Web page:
Thursday, June 28, 2007

Hi all,

This 8 day tour I haven't been flying. My employer is short of "Flight Planners" and so I have been in the office all day from 6am til 3pm filing flight plans.

Wikipedia says flight plans are: Flight plans are plans filed by pilots with the local Aviation Authority (e.g. FAA in the USA) prior to flying. They generally include basic information such as departure and arrival points, estimated time, alternate airports in case of bad weather, type of flight weather instrument flight rules or visual flight rules, pilot's name and number of passengers. In most countries, flight plans are required for flights under IFR. Under VFR, they are optional unless crossing national borders, however they are highly recommended, especially when flying over inhospitable areas, such as water, as they provide a way of alerting rescuers if the flight is overdue. More information here:

We use to file a couple of hundred flight plans a day (more with changes and cancellations). This program has the performance information for each of our aircraft programmed in, so all we have to do is input the departure and arrival points and passengers. We provide the pilots with the current weather and NOTAMs for the time that we file the flight plan, but the pilots are still responsible for checking this information - it may have changed or there might be something NOTAM'd that might affect their ability to actually do the flight.

NOTAM or NoTAM is the quasi-acronym for a "Notice To Airmen". NOTAMs are created and transmitted by government agencies under guidelines specified by Annex 15: Aeronautical Information Services of the International Convention on Civil Aviation. A NOTAM is filed with an aviation authority to alert aircraft pilots of any hazards en route or at a specific location. The authority in turn provides means of disseminating relevant NOTAMs to pilots.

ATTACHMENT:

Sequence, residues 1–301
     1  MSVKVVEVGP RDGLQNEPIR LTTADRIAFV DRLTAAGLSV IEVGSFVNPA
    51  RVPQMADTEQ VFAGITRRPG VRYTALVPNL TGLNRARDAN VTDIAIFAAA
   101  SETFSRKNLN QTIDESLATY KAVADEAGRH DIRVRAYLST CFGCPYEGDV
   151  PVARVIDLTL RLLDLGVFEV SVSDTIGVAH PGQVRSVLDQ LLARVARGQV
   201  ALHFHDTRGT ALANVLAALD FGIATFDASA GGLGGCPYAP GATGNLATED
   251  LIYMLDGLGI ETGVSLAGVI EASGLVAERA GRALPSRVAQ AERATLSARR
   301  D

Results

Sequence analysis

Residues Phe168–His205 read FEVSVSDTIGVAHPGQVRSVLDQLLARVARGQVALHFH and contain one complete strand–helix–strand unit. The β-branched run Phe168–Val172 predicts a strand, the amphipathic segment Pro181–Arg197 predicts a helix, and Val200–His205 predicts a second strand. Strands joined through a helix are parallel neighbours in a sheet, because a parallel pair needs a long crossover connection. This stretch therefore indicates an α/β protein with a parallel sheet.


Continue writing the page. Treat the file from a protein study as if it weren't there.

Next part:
NOTAMs are issued (and reported) for a number of reasons, such as:

  • hazards such as air-shows and parachute jumps

  • flights by important people such as heads of state

  • closed runways

  • inoperable radio navigational aids

  • military exercises with resulting airspace restrictions

  • inoperable lights on tall obstructions

  • temporary erection of obstacles near airfields (e.g. cranes)

  • passage of flocks of birds through airspace (a NOTAM in this category is known as a BIRDTAM)

Software is available to allow pilots to identify NOTAMs near their intended route or at the intended destination.

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